Politics, Debt and Development: Global Economic Structures

by / 0 Comments / 381 View / July 10, 2014

We should stop focusing on poor people in Africa and worry about ourselves. We give way too much aid to poor countries, and it doesn’t even do any good. Poor people need to learn to take care of themselves – aid makes them dependent.

These are but some of the claims made by people who don’t know what the hell they’re talking about. These are also some of the claims made by well-intending people who don’t grasp the true nature of global economic structures.

Capitalist economies are based on debt. Now, this isn’t some nefarious conspiracy of elites to enslave the world. Rather, it is a necessary instrument of growth. At the most simplistic level, a bank lends money to an individual who has a feasible idea that will generate wealth. Of course, the bank charges interest to make money and offset the interest it pays to its depositors. If that individual’s idea comes to fruition, new wealth is created:  new technologies, buildings, agriculture, oil or any other variation of wealth. This creation of new wealth allows the individual to pay off the loan and the interest. But what happens when the money lent by a bank is not usefully employed in a wealth-generating enterprise, or the interest attached to the loan is so high that even the new wealth cannot offset it? Wealth is destroyed or, in the latter case, extracted.

This is what happened throughout the twentieth century and continues to happen to this very day. Financial institutions in the developed world, such as the International Monetary Fund and the World Bank, gave loans to underdeveloped countries at insane interest rates. Often these agreements were made with dictators or corrupt governments.

For example, Indonesia is still struggling under a multi-billion dollar debt incurred in the ‘70s by loans given to Suharto, a ruthless dictator who murdered hundreds of thousands of his own people and later invaded and annihilated a third of the population of East Timor.

South Africa still bares the responsibility for debt incurred by the Apartheid regime.

The poorest 60 countries in the world give $13 in debt repayment for every $1 they receive. In 2005, they owed $523 billion in debt, despite already having paid $550 billion on $540 billion in loans and interest. The IMF’s Heavily Indebted Poor Countries (HIPC) Initiative will only provide $75 billion in debt-service relief “over time”. Debt service is making interest payments, not repaying the principal.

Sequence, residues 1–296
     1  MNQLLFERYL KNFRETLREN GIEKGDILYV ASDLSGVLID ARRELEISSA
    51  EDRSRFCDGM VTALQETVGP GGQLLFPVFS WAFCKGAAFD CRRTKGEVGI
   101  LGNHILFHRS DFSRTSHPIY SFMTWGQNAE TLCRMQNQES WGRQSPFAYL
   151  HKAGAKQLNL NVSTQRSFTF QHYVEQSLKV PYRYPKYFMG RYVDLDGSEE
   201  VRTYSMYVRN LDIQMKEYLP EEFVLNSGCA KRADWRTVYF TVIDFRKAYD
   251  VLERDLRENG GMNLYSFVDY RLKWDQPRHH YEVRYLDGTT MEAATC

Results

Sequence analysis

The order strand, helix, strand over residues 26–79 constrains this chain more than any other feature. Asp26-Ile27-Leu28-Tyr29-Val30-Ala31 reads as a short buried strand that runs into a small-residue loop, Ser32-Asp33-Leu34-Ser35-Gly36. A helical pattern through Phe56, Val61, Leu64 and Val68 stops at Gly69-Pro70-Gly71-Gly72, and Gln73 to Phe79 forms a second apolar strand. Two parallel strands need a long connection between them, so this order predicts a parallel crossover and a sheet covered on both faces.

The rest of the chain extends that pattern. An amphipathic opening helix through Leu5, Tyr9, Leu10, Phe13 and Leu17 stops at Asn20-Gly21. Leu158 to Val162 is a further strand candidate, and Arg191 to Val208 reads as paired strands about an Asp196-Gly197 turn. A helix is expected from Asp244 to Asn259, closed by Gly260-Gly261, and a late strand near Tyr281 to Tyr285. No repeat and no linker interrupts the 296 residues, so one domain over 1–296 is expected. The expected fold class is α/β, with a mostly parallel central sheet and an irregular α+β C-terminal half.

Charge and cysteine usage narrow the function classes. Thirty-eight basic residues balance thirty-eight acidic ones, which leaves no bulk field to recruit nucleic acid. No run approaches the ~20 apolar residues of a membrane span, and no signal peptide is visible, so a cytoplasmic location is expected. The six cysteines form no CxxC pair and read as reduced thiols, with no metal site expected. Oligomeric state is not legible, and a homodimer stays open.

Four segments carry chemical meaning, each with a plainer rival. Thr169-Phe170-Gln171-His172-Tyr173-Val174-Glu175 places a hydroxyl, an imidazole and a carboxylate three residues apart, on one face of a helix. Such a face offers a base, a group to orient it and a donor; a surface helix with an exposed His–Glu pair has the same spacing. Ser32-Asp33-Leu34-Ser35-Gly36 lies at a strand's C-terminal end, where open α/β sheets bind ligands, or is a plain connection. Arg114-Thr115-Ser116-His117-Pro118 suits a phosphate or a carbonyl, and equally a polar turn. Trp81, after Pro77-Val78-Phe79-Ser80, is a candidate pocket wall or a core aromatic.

And how do governments in poor countries attempt to service this debt? They cut social services like education and healthcare. They divert money from critical infrastructure and to infrastructure that facilitates resource extraction. They sell rights to minerals, water, and land.

Thus, even while paying massive debts to rich countries through their taxes, people in poor countries live in utter poverty. Giving aid to poor countries doesn’t make them dependent:  taking their means of aiding themselves – tax revenue – makes them dependent. In many cases, just the repayment of interest on loans constitutes a large percentage of a country’s annual Gross Domestic Product. No country in the world gives more than 0.7% of its wealth in aid to developing countries. Some philanthropy.

This global phenomenon is exemplified in the current controversy surrounding Puerto Rico’s attempt to restructure its debt. Here you have a nation that was acquired by the United States as a direct result of imperialist expansion at the end of the nineteenth century, more formally called the Spanish-American War. Its economy and government has been largely dictated by the United States even though in Balzac v. Porto Rico, the U.S Supreme Court decided that some provisions of the U.S. Constitution did not apply Puerto Ricans.

Still, Puerto Rico is heavily-indebted, and the standard of living for its people is far below the national average of the United States. Its public corporations – those responsible for providing amenities like electricity, water, and infrastructure – hold about $20 billion in outstanding bonds. Puerto Rico’s attempt to restructure this debt – The Recovery Act – has been challenged by Franklin Templeton and OppenheimerFunds, which is a subsidiary of MassMutual Financial Group, because it appears to be modeled after U.S. Bankruptcy code.

Puerto Rico isn’t allowed to declare bankruptcy because it doesn’t enjoy certain protections of the U.S. Constitution. Thus, even its public corporations are forced to repay this debt in full, over the course of centuries if necessary. Meanwhile, private corporations in the United States can not only declare bankruptcy, but they can also get “bailed out” by the government and borrow at near-zero percent interest.

The situation in Puerto Rico is emblematic of a much broader system that disadvantages the poorest and most vulnerable people. When the United States and Europe industrialized, they used tariffs and other barriers to protect their domestic industries. They were driven by competition and mercantilist principles.

Today, the world’s poorest countries do not have the opportunity to develop meaningful domestic industries based on human capital because of the economic structures of globalization. And while it is clear that mercantilism is a flawed economic concept, it is striking to note its place in the history of most highly developed countries.

Globalization isn’t going anywhere. In order to realize true growth and development in poor countries, we must invest in the social foundations of those countries:  education, healthcare, and infrastructural development. The current global economic system does just the opposite and as long as it continues to do so, we shall continue to see widespread poverty and suffering.


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